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A visit to the University of Sydney Archives soothed my sorrow over a Sydney Morning Herald article (13/11/2006 p.10). In this article it's said of a semi-phonics-based literacy project in Tennant Creek that:

"..Aboriginal languages have been approached by linguists as some kind of historical artefact, but this method makes them usable in a way that has the potential to transform literacy education in indigenous communities".

This shows a basic confusion between what linguists do - prepare spelling systems, dictionaries and grammars - and what teachers do - devise ways to teach language using the dictionaries and grammars as references, and maybe using the spelling systems if they're teaching reading and writing. What's puzzling is the implied criticism in the phrase "some kind of historical artefact".

So what were we off to the Archives for? Yes! In search of historical artefacts! We wanted to admire the collection of papers of the anthropologist A. P. Elkin. From the 1920s until his death in the late 1970s he carried out fieldwork in many parts of Australian, and corresponded with many other fieldworkers. Elkin's papers include, among many other things, major collections of material from the Kimberley and Western Australia, South Australia, Queensland, the Northern Territory and New South Wales, as well as correspondence, field notes, and other research material on Papua New Guinea.

There on the table in the Archives office on Level 9 of Fisher Library was a small brown notebook which contains, in fading pencil, Warumungu and Warlpiri words, and notes on ceremonies held at Phillip Creek N.T. in 1953. And there are associated photographs and sound recordings. Linda Barwick wrote up a careful description of the contents, arranged digitisation of the sound recordings, and took copies of the Tennant Creek material back to Tennant Creek, to the Nyinkkanyunyu cultural centre there. The people in Tennant Creek probably wouldn't have known about got the material if Linda hadn't done this. And the Tennant Creek collection is just one of many collections in the Elkin material.

Brief descriptions of the papers are in .pdf files on the web (go to the University of Sydney Archives, then to Personal Archives, then E for Elkin) ,and some of the annotations are incorporated in the Australian Institute of Aboriginal and Torres Strait Islander Studies (AIATSIS) library catalogue Mura, but many are not. In particular many of the notebooks have a rough index of the contents, and these aren't included in the files. If you go to Mura and search for the language "Bangerang", you won't learn of "P.130 A P Elkin Series: 0048 Field notebooks and other research material relating to Aboriginal Tribes in Victoria". But AIATSIS is the first port of call for many Aboriginal people tracking down their family history and details of their family's languages.

What's needed is a much more detailed and searchable on-line catalogue of the Elkin papers at the University of Sydney linked to Mura. This would allow Indigenous people from Australia and the Pacific, as well as researchers, to find material on their languages and societies, which could be valuable in language and cultural work. PARADISEC and Peter Newton have provided a good model for such a catalogue, with the online listing of the Pacific papers of Elkin's colleague, Arthur Capell.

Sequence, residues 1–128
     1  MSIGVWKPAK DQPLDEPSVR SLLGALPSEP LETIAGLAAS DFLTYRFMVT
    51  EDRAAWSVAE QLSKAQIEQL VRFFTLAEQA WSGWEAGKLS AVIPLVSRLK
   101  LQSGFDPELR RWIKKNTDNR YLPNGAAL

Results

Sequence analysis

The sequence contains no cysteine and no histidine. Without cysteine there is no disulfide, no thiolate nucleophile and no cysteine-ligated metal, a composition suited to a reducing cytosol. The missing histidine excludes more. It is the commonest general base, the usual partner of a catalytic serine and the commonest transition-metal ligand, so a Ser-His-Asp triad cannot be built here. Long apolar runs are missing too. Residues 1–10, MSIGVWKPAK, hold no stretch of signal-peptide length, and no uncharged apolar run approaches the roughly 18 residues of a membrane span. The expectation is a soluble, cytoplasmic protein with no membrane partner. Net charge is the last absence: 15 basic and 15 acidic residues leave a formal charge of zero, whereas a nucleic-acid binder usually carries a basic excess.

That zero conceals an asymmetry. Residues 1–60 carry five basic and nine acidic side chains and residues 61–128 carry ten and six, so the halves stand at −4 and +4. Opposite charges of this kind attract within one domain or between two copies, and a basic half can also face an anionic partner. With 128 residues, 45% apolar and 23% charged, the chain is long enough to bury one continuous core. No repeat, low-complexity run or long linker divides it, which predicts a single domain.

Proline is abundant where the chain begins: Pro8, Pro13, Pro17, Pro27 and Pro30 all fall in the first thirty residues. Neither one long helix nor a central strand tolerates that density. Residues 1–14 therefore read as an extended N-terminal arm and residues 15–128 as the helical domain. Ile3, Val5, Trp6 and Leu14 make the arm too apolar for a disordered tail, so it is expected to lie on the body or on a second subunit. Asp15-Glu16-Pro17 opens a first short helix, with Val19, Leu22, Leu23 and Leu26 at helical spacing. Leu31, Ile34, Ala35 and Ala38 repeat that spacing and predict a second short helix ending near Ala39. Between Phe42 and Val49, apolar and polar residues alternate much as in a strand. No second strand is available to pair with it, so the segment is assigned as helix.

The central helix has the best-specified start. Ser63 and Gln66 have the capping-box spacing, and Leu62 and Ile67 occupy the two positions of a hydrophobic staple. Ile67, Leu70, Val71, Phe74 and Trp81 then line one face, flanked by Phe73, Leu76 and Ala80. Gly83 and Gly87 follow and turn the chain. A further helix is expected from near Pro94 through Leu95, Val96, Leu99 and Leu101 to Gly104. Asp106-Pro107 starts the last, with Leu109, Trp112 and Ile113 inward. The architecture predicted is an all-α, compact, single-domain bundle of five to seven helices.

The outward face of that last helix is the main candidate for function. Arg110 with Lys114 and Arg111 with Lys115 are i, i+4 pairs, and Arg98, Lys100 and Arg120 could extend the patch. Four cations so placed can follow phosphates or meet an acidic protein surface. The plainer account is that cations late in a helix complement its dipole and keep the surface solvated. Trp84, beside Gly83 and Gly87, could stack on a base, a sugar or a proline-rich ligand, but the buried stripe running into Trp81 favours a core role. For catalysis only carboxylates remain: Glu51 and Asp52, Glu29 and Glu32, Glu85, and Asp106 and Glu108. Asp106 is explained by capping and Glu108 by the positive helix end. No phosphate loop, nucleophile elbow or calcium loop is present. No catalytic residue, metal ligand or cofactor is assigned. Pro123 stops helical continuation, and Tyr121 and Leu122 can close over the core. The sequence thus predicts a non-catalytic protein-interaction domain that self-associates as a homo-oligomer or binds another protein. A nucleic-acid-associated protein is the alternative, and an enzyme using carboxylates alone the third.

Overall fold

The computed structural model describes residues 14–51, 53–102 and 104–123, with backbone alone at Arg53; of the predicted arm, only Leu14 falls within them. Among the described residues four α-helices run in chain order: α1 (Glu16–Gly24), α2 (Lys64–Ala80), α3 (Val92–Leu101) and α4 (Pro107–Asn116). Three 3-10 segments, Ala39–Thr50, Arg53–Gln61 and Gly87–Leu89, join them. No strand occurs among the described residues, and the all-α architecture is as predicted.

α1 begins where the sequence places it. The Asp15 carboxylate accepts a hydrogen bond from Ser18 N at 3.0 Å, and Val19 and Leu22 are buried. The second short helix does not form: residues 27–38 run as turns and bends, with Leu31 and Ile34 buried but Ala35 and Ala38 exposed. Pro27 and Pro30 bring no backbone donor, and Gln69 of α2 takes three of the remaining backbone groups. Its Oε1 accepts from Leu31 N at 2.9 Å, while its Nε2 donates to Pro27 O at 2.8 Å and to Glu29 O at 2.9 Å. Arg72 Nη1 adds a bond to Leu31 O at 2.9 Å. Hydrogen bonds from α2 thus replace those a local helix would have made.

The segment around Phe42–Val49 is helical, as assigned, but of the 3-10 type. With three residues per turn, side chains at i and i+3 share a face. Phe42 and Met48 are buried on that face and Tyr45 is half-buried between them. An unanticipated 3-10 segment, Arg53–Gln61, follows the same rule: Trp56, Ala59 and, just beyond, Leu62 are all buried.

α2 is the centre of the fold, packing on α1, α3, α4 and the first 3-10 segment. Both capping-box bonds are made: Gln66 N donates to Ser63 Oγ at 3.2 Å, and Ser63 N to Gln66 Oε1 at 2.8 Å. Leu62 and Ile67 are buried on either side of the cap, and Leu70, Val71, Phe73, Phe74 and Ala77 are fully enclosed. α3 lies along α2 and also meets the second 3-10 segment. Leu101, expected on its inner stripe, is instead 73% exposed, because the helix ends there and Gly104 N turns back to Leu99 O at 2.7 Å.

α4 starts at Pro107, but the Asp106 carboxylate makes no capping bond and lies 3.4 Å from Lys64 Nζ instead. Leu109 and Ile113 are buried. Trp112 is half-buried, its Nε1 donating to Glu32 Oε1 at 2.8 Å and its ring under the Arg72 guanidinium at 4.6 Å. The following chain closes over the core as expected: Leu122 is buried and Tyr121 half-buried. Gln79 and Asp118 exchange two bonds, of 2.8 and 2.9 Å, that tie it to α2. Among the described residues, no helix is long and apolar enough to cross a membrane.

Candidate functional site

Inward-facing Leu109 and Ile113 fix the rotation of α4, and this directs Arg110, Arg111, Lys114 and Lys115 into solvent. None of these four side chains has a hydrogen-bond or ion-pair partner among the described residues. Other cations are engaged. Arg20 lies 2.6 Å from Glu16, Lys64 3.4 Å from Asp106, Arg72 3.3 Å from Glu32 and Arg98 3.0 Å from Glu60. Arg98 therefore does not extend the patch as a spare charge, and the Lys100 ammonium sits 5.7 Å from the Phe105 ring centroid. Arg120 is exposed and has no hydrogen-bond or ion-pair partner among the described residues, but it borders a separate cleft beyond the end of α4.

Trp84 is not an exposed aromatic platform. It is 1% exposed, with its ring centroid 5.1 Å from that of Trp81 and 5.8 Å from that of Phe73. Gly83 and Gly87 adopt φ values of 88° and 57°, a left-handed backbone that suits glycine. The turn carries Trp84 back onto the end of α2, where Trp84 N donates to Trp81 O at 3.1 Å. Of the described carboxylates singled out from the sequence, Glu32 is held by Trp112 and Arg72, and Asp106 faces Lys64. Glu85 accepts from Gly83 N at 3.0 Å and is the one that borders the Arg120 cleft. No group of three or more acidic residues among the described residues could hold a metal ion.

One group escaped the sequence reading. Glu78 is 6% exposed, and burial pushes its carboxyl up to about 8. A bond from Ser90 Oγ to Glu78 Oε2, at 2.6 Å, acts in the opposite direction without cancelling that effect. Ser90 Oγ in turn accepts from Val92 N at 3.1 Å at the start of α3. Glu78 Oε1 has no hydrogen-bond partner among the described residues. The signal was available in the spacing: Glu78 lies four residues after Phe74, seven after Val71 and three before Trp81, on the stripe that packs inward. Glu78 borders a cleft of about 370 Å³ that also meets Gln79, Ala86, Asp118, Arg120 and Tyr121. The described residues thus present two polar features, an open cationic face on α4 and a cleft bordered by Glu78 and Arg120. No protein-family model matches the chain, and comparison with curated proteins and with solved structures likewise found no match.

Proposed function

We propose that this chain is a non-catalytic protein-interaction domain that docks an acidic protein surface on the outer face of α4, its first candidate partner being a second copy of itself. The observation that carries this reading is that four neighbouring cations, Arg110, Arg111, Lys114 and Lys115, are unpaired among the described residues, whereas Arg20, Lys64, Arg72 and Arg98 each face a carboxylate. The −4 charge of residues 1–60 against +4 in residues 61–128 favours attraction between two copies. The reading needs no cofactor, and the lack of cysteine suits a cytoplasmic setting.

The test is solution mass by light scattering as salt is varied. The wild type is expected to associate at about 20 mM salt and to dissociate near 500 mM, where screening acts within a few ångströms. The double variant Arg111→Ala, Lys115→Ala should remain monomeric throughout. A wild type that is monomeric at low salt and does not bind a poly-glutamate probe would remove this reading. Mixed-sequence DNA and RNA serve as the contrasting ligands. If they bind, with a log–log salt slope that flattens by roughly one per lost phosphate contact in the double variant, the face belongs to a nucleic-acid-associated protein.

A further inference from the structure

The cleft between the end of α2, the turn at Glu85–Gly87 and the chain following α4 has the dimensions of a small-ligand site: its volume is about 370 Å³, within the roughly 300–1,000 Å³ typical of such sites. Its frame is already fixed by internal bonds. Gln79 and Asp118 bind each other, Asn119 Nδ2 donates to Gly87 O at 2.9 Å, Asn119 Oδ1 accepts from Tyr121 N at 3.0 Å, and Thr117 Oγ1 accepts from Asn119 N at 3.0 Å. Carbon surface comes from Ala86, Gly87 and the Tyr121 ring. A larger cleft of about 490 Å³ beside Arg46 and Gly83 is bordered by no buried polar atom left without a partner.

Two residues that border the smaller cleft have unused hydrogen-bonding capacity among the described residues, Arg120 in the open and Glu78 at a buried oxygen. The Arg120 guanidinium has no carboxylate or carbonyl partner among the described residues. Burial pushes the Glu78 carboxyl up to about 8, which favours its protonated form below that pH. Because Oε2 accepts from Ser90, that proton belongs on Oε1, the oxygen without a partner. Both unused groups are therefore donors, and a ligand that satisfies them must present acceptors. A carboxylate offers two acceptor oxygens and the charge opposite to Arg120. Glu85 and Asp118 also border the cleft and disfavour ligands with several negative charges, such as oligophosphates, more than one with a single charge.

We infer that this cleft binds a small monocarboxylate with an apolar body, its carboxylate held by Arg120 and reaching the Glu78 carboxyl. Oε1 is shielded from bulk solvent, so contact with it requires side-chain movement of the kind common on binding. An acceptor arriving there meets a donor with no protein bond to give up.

(If you want to find out more about the Elkin papers, you can make an appointment from 9-1 and 2-5 Monday to Thursday. Phone: (02) 9351 2684 Fax: (02) 9351 7304 E-mail: archives AT mail.usyd.edu.au.)

Back to historical artefacts. There's a lot to learn from comparing language records made in the 1900s with those made in the 1930s with the 1950s and so on. The comparison can show a great deal about how languages change, and what the effect of a dominant language like English is, as well as other diffusion patterns e.g. I think that comparing the first anthropological records of the Tennant Creek area with more recent records shows that the terms for in-laws have undergone some interesting restructuring over the last 100 years, and possibly reflects changes as to which neighbours were most influential.

At one stage it was fashionable to dismiss previous work on languages. Muscle-bound gorilla linguists would bench-press strange sounds and morphological weirdnesses, and beat their chests:
"Here, let me tackle this language! It's amazingly hard, but.." [grunt] "I'm up to it - not like the wimps who tried before!"

In fact when there are few records of a language, and few speakers, every record counts. Almost every observer will have recorded different words, or different senses for words. They may vary in how they record the pronunciation of the words, but, since most early observers didn't catch all the distinctive sounds of the language, different attempts at recording words can be used to reconstruct more accurate renditions of the sounds. And all of these data can be used with present-day speakers, both for checking and for memory-jogging. (Memory-jogging can occasionally cause problems if the words are "ticklish" - e.g. I found most words for stars were off-limits - but most words in old sources aren't).

I haven't heard Aboriginal people dismiss words as being obsolete or out-of-date; instead it's been "That's a hard word, we used to hear old people say that word" and there's great interest in keeping those words.

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The Transient Building, symbolising the impermanence of language, houses both the Linguistics Department at Sydney University and PARADISEC, a digital archive for endangered Pacific languages and music.
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